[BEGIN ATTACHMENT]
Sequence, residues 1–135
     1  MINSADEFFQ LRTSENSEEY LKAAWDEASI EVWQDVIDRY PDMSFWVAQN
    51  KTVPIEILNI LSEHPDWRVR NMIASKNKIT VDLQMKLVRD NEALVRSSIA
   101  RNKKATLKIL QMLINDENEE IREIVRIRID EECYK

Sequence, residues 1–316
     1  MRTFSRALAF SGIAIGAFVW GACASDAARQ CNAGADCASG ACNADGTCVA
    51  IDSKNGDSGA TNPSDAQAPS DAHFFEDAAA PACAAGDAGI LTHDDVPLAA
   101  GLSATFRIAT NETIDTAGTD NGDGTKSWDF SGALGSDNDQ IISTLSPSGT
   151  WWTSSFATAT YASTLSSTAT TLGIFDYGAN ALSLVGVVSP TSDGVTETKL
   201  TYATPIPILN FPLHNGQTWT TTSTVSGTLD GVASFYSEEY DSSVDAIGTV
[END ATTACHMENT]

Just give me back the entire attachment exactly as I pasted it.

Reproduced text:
Sequence, residues 1–135
     1  MINSADEFFQ LRTSENSEEY LKAAWDEASI EVWQDVIDRY PDMSFWVAQN
    51  KTVPIEILNI LSEHPDWRVR NMIASKNKIT VDLQMKLVRD NEALVRSSIA
   101  RNKKATLKIL QMLINDENEE IREIVRIRID EECYK

Sequence, residues 1–316
     1  MRTFSRALAF SGIAIGAFVW GACASDAARQ CNAGADCASG ACNADGTCVA
    51  IDSKNGDSGA TNPSDAQAPS DAHFFEDAAA PACAAGDAGI LTHDDVPLAA
   101  GLSATFRIAT NETIDTAGTD NGDGTKSWDF SGALGSDNDQ IISTLSPSGT
   151  WWTSSFATAT YASTLSSTAT TLGIFDYGAN ALSLVGVVSP TSDGVTETKL
   201  TYATPIPILN FPLHNGQTWT TTSTVSGTLD GVASFYSEEY DSSVDAIGTV